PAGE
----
By David Rosenberg
Making photographs can be a religious experience.
For photographer Richard Silver, his epiphany occurred during a visit to a church in New York last year that got him thinking about how to document the interior from the altar to the entrance—in one shot.
But Silver’s own body proved to be the biggest hindrance, refusing to budge in his attempt at capturing the perfect shot. “The first time I did it, I almost hurt my neck by trying to shoot the ceiling without physically turning around,” he wrote via email. Because he isn’t a contortionist, Silver decided to blend a series of images in Photoshop to create the panoramas for “Vertical Churches.”
To capture the interiors, Silver shoots in the church’s center aisle, taking between six and 10 vertical images. He then puts together the images using Lightroom and Photoshop. He was pleasantly surprised with his initial results and started running around New York looking for more churches to photograph.
Getting the shots hasn’t been easy. Often churches are closed, and many don’t allow Silver to use a tripod. He often shoots with wide-angle lenses, typically a 24-70 mm lens, though if a church is really wide, he’ll bring a 14-24 mm lens. Depending on the light inside the church, Silver works to bring out details such as stained glass windows during the post-production process.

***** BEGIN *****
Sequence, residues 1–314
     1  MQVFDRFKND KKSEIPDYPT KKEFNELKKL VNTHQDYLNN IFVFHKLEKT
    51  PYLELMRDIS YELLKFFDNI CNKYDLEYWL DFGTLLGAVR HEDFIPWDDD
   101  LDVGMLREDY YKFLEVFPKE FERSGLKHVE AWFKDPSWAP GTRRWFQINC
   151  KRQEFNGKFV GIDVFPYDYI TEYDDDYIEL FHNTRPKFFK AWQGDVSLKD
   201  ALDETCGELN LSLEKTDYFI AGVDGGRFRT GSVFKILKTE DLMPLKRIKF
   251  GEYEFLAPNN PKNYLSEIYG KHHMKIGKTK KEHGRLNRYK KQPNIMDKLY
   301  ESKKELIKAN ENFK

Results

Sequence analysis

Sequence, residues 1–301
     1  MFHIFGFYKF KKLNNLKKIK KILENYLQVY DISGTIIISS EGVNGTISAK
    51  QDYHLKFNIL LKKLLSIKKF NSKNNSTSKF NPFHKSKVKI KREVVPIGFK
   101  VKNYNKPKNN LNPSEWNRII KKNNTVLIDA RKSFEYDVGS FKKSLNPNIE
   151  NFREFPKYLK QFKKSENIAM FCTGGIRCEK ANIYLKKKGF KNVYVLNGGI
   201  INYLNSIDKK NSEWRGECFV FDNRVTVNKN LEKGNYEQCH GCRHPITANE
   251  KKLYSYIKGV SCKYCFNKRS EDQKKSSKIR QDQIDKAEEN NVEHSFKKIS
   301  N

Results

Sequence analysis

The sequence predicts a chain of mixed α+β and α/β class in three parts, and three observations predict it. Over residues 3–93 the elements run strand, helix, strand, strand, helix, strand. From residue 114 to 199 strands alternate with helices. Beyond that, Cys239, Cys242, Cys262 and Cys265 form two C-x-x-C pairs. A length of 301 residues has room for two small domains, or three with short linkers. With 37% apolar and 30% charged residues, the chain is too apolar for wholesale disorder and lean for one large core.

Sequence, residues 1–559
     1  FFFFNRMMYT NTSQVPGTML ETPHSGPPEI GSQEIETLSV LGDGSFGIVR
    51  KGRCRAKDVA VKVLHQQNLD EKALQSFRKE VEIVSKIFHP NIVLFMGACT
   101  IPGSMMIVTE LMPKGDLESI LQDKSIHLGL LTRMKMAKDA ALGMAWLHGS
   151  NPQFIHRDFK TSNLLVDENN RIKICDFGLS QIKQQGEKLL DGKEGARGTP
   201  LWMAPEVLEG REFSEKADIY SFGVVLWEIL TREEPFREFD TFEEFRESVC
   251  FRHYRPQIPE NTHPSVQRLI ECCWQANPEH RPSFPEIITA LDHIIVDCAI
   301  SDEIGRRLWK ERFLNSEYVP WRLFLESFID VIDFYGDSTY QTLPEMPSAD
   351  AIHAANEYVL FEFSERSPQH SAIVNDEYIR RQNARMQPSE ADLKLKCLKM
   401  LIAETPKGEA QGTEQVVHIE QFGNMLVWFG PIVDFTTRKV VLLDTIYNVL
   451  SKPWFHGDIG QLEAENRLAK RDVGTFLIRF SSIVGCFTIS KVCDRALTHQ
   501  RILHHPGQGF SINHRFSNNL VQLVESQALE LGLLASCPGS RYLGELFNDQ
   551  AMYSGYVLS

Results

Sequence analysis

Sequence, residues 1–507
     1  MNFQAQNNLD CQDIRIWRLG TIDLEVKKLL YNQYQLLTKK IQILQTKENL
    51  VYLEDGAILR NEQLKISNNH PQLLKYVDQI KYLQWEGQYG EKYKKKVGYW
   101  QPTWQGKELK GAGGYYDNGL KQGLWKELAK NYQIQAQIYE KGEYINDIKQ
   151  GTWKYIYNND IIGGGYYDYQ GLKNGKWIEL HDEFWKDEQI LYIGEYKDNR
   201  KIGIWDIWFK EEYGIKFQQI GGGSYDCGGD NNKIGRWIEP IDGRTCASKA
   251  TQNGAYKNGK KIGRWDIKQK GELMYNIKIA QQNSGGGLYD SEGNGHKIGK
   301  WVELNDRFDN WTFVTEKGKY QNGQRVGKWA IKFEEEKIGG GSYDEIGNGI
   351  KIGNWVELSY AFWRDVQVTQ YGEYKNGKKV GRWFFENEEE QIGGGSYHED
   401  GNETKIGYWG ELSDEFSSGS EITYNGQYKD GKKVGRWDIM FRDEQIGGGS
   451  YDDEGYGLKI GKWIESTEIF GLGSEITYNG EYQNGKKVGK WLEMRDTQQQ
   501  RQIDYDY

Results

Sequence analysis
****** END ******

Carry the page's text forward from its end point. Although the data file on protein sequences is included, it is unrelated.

Silver’s images aren’t limited to New York. He constantly travels, looking for new churches to photograph around the world. “I feel compelled to photograph the world in a unique way, to try to open up the way people see the common sites we have all seen,” he said. That vision isn’t only about his panoramic imagery. Silver also has a passion for tilt-shift photography, and he cites Olivo Barbieri as one of his tilt-shift photography idols.
Although he has visited hundreds of churches around the world, Silver continues to be awed by what he captures. “I am fascinated how the results are very similar to each other, sort of like the inside of a turtle shell,” he said. “With my vertical church shots, I capture much more detail that is lost even when you are there in person. To add the whole photo together and see it in that manner, it still blows me away today.”
See the original post on Slate.